“I really like to offer a beautiful setting, great vegetarian food and a glass of wine at night, something my students can enjoy if they want to,” she adds. For several years, she has held a weekend yoga intensive at Race Brook Lodge, one of many small inns in that verdant corner of the Berkshires that gave us Arlo Guthrie and the Tanglewood Music Festival. She works with One Hundred Skies, a group that organizes yoga adventures with various teachers at domestic and international retreat locations, and her retreats can be booked through them.
If you’re traveling solo and want a home base with minimal structure, Eremito is a more luxurious spiritual resort than many in Asia or the Caribbean. The environmentally-conscious property is a 14-room stone cloister on a 3,000-hectare preserve in Umbria. Gregorian chants play at the grotto pool. Designed for single guests only, Eremito invites visitors to unplug, detoxify and explore their inner selves with daily meditation and yoga sessions. What it doesn’t offer: WiFi, phones,TV, business center, tennis, golf, minibar. Any power used beyond candlelight comes from solar cells; vegetarian meals are locally sourced and served in silence.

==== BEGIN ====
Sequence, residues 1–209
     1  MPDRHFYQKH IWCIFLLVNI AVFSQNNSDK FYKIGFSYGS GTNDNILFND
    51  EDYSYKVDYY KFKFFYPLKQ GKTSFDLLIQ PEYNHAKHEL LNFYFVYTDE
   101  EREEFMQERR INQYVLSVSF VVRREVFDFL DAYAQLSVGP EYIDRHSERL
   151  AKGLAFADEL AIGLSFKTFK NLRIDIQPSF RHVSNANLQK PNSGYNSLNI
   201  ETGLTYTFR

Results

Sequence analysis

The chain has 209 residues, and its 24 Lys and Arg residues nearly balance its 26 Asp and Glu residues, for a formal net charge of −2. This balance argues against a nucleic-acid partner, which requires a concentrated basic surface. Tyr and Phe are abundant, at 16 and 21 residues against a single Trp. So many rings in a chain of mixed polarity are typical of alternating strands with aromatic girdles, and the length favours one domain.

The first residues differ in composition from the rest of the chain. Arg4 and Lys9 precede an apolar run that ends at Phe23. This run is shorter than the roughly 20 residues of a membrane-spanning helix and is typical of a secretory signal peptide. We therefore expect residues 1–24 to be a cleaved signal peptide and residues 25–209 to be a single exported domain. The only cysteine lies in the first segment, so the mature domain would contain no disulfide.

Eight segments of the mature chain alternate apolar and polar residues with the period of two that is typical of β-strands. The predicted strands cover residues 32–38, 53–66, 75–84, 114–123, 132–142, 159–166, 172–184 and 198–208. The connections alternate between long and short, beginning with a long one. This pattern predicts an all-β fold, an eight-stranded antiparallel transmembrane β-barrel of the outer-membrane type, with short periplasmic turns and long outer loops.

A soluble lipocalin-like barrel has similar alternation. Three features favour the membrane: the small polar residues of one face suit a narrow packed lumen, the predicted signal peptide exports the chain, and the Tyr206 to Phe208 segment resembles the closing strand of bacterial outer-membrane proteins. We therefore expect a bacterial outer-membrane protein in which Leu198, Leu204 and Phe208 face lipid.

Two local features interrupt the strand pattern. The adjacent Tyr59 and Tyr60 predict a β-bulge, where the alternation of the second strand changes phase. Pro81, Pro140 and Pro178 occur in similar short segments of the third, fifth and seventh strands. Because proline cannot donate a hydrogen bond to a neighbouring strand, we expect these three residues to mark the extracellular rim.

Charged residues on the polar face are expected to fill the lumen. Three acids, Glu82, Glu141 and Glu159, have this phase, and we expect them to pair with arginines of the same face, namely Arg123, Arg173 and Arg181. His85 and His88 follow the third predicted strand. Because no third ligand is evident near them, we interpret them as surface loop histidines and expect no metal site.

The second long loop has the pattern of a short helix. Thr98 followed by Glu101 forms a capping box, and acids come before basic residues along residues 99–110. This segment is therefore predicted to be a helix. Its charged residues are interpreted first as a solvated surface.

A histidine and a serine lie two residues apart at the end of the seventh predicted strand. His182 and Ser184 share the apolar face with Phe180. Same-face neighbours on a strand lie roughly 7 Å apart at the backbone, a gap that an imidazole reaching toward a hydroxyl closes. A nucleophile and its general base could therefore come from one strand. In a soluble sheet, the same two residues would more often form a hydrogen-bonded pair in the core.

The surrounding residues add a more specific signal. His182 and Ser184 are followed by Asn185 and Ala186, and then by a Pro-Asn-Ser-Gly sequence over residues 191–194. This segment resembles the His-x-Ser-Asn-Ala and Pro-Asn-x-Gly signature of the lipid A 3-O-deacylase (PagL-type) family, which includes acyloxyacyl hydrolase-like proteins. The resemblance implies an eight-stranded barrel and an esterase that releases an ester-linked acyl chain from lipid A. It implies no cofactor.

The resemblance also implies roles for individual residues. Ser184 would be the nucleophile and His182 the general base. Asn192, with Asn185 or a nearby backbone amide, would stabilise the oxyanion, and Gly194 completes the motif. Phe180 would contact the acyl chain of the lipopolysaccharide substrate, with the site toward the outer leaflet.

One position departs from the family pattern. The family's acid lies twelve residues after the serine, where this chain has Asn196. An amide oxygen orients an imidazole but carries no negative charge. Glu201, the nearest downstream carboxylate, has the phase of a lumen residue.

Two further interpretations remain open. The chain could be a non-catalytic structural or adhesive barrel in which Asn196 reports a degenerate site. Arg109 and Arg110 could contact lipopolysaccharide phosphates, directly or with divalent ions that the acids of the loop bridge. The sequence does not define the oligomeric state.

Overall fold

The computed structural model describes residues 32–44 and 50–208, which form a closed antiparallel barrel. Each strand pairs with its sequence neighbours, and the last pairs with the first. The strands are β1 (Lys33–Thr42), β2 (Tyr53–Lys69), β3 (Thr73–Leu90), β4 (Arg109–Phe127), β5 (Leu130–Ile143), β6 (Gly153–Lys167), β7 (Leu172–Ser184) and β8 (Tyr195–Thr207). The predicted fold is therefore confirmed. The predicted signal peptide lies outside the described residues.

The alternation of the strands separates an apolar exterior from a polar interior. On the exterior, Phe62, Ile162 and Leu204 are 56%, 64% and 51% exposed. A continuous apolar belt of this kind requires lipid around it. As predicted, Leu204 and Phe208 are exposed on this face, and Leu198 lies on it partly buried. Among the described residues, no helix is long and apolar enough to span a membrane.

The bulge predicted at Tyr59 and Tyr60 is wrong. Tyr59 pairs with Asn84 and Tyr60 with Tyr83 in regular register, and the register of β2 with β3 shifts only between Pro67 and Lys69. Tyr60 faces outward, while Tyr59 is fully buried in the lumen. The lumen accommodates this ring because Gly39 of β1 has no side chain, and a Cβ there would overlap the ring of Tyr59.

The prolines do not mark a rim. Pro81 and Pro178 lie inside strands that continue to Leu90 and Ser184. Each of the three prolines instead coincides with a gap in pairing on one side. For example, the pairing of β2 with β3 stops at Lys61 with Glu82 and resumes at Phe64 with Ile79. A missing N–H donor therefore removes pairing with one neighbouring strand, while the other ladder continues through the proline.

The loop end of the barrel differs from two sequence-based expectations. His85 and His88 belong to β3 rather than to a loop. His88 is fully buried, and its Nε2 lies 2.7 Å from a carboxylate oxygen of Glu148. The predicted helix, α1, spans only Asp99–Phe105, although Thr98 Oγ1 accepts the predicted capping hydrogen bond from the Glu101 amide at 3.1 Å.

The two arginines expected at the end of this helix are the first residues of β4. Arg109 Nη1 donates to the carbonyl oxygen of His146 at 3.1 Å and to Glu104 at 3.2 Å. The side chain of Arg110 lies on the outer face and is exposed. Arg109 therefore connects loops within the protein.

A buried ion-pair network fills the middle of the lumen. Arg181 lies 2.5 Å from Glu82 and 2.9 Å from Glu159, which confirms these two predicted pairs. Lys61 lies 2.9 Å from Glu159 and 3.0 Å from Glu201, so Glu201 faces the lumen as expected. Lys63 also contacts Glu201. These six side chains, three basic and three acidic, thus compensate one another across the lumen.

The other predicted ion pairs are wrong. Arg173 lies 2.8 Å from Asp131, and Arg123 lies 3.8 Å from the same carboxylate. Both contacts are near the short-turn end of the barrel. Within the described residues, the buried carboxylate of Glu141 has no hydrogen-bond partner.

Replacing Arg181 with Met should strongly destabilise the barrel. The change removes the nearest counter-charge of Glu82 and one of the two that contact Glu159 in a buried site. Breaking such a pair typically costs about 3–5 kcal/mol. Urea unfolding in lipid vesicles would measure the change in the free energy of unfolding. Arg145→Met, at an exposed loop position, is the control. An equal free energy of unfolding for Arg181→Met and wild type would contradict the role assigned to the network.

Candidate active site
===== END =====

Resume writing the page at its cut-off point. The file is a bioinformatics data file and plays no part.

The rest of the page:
For more options on hotels that focus on wellness, check out the new consortium called Healing Hotels of the World.
Me Time is a Given
I’ve reported on the detoxifying, stress-relief regimen at The Chopra Center in California, and the equally intense ayurvedic healing retreat at Devaaya in Goa, India, both of which incorporate daily sessions of yoga and meditation. Of course, hundreds of variations on the transformational travel or yoga getaway exist, as varied as the yoga practice itself.
Personal growth is the goal of many of these wellness experiences, whether participants travel around together and explore a culture, or stay still and explore themselves as individual family members.
James Murphy sums it up when talking about his Bali trip: “I wouldn’t call what I do a yoga retreat or intensive… it’s more about how yoga can be incorporated in your life in this beautiful setting, among a very special people and culture… and that allows you to look at yourself in a whole new way.”
Please share your thoughts, favorite retreats and resources in the comments field below.